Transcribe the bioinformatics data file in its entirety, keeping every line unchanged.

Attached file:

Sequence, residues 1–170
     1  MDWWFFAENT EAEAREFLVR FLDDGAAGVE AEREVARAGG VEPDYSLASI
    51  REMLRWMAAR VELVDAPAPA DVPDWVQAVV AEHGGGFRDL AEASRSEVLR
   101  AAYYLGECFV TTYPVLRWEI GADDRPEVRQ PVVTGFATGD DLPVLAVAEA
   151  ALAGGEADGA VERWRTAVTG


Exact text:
Sequence, residues 1–170
     1  MDWWFFAENT EAEAREFLVR FLDDGAAGVE AEREVARAGG VEPDYSLASI
    51  REMLRWMAAR VELVDAPAPA DVPDWVQAVV AEHGGGFRDL AEASRSEVLR
   101  AAYYLGECFV TTYPVLRWEI GADDRPEVRQ PVVTGFATGD DLPVLAVAEA
   151  ALAGGEADGA VERWRTAVTG